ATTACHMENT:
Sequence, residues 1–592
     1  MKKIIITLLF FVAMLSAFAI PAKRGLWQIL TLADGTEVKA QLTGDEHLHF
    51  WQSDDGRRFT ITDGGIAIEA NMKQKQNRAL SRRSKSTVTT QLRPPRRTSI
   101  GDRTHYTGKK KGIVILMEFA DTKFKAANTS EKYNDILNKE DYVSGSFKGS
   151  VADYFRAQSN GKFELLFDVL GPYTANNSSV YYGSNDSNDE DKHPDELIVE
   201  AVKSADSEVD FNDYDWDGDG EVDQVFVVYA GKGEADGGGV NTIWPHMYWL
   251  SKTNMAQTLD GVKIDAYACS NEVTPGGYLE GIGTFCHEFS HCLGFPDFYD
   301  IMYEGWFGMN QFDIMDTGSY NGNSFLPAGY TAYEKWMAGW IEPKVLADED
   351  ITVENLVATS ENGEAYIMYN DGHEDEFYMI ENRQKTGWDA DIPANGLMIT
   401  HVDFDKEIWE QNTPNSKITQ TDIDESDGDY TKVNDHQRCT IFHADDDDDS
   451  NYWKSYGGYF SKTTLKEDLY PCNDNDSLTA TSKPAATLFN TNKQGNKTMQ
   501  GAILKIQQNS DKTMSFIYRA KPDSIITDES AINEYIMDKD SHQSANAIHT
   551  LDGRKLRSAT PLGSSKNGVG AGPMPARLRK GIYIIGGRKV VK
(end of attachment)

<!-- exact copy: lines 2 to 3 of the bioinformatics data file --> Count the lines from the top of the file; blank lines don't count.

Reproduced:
     1  MKKIIITLLF FVAMLSAFAI PAKRGLWQIL TLADGTEVKA QLTGDEHLHF
    51  WQSDDGRRFT ITDGGIAIEA NMKQKQNRAL SRRSKSTVTT QLRPPRRTSI